I don't exactly like the American cover, so here's the UK one. I don't exactly like that either.

7 comments:

  1. Your review puts me in mind of Skin Hunger, which is similar in that it's a pretty good book, but it just...ends. You don't find out what happens (two more books to come.) YIKES. I hate that, I'm so impatient!

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  2. Okay! I'll read it. I'm curious to know, though: does it have anything to do with wind? I hate merely poetic titles, i.e. if something has mermaids in the titles, I want to read about mermaids. Ditto Valkyries. I think the wind is my elemental, so I'm a tad biased toward reading this.

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  3. I LOVE Name of the Wind, and I love Pat Rothfuss's blog. Did you know that last November he single-handedly raised over $100,000 for Heifer International, and then MATCHED IT??? He's awesome. I too eagerly await Wise Man's Fear, and was fascinated and horrified by the blog posts about mean fans. Did you read the George RR Martin post? Egad! Jim and I have witnessed fan meanness in action on comic book message boards, and have concluded that sci-fi/fantasy and comic book fans are the only ones that are like this, so deeply invested they believe the books (and by extension the authors) belong to them.

    Cheers!

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  4. I really need to read this book! I think I have owned it since I came out and still haven't...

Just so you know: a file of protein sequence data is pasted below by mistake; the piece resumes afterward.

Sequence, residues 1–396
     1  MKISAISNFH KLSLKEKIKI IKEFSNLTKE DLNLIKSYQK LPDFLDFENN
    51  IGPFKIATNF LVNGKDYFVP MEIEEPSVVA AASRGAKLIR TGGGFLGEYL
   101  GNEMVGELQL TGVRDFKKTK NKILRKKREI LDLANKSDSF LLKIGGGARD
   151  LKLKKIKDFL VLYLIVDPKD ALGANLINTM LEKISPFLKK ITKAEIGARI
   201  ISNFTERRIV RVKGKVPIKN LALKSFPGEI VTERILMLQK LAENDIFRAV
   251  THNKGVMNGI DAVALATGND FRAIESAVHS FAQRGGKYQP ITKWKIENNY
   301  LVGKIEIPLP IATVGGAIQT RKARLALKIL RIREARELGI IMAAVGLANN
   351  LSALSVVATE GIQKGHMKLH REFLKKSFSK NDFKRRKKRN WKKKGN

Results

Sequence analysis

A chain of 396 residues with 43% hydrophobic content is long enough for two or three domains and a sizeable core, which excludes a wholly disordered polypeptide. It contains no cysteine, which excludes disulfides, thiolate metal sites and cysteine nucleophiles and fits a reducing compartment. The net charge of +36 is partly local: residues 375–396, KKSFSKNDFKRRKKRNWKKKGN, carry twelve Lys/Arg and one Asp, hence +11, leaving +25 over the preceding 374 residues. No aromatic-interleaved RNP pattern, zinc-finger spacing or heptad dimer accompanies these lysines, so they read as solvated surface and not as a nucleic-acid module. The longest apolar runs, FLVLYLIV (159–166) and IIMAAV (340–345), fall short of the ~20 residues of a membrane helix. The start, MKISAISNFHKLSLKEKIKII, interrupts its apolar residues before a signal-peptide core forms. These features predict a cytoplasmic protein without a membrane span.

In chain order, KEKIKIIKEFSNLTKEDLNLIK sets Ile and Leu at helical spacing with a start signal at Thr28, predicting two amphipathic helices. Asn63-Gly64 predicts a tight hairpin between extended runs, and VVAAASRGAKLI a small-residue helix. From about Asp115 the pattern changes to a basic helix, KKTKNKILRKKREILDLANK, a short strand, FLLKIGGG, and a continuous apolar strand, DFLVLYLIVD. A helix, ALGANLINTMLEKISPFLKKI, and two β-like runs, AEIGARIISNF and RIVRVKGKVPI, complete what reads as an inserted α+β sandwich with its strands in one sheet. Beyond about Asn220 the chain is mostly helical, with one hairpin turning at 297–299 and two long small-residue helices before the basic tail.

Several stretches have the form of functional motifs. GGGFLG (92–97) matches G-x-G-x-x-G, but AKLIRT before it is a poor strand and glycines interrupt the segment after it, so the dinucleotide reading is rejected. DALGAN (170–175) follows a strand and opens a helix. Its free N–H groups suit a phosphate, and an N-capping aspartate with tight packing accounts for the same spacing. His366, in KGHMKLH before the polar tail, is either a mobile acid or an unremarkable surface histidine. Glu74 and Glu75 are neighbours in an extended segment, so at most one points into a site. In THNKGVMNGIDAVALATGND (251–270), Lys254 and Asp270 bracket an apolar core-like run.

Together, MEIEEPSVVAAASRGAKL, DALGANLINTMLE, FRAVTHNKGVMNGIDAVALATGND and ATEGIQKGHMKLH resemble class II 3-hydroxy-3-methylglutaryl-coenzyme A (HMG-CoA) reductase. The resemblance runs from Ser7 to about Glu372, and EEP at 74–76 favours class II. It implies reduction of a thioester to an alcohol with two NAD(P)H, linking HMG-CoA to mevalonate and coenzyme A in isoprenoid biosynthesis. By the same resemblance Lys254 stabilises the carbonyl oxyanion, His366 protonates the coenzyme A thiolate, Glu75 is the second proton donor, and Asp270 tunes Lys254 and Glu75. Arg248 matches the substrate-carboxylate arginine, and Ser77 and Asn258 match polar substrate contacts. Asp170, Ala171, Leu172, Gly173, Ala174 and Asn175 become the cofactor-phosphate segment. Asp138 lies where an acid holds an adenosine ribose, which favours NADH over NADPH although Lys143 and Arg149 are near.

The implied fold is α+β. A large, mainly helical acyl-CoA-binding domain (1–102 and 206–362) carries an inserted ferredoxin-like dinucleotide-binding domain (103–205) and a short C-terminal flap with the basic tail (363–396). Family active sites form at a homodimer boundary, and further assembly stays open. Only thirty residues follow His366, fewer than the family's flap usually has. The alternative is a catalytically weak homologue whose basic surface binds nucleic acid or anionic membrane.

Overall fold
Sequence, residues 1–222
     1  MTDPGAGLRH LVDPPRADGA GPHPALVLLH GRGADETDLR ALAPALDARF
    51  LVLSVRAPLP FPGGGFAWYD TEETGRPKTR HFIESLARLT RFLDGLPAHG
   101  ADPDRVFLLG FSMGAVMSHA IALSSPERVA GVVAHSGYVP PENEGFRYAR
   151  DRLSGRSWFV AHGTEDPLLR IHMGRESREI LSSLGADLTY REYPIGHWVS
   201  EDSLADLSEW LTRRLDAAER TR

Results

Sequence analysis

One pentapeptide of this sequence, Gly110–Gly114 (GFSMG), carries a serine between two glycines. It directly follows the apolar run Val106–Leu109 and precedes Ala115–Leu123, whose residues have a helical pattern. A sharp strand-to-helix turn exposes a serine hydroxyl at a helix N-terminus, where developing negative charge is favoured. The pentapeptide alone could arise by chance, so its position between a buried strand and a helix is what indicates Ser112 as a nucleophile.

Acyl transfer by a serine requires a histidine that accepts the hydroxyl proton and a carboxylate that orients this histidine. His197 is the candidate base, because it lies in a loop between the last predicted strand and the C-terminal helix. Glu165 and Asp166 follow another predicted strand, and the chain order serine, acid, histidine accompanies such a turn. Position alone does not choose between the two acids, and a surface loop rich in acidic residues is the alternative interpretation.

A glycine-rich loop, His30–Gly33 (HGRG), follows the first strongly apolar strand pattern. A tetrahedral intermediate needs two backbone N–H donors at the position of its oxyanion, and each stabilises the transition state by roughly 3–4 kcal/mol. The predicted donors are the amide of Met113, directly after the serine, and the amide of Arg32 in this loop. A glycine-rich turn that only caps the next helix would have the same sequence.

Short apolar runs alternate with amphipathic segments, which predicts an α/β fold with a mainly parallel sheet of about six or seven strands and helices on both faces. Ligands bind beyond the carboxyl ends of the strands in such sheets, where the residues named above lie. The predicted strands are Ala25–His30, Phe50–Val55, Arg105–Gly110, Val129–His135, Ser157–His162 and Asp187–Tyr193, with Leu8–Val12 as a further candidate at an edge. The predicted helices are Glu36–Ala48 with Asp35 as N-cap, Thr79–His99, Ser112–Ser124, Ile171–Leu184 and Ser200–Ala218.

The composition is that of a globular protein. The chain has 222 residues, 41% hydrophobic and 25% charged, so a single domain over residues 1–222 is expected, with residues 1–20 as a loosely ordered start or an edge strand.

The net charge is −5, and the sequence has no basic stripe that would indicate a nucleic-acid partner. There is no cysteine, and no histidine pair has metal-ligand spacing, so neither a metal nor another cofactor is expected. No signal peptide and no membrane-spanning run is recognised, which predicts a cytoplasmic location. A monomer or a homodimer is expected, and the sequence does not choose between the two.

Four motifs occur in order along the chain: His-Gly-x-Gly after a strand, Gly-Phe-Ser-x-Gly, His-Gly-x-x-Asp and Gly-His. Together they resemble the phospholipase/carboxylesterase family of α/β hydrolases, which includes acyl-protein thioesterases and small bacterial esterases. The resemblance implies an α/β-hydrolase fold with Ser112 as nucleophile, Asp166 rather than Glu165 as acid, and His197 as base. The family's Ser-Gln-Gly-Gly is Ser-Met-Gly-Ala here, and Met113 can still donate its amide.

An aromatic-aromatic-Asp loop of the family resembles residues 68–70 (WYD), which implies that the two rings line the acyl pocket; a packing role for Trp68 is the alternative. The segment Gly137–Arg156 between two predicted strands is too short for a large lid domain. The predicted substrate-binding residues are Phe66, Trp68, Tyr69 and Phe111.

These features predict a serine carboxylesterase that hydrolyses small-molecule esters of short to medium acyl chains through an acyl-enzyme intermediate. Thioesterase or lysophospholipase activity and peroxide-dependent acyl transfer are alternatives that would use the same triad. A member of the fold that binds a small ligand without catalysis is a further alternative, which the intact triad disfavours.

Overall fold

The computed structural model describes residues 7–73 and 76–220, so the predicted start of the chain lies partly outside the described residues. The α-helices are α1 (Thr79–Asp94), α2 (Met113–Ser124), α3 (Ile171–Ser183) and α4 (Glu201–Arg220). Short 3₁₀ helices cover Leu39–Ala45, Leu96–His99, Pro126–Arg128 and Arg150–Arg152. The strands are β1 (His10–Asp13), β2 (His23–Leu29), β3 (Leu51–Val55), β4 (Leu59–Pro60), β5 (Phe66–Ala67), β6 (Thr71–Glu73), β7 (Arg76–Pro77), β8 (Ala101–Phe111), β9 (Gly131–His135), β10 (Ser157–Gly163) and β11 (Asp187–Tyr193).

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  5. Whoo. I don't like the U.K. cover particularly, either, but wow it's better than the U.S. one.

    I'm deeply intrigued, and I totally agree with your husband!!

    (Isn't it nice to know men who read?)

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  6. I have this book to read for Carl's Once Upon a Time Challenge. I've been hearing good things about it, so now I really need to get to it!Wonderful review, Charlotte. And thanks so much for leaving a comment on my post today, so I could come find you. I love the books you're reviewing and I can see how you are going to be very bad on my To get list!!!

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  7. Truly, Aerin, I am rather anxious to read the sequel to Skin Hunger. This one is not quite so bad. At least we know that Kvothe survives...

    Farida--yes, the name of the wind, and the wind it conjours up, come into it. Although it is, perhaps, a tad more metaphor than plot element.

    Wow, Laini, that is cool about Pat Rothfuss! I wonder if there is a gender thing going on with agitated fans--us fans of Megan Whalen Turner are waiting peacefully for her next book, and most of us are female...

    Kailana and Tanita--yes, it's a good one! Read it! But you could wait until the sequel is out, to spare yourself a bit of pain...

    Hi Susan! Thanks for stopping by and commenting--I really appreciate it! I hope you enjoy this one.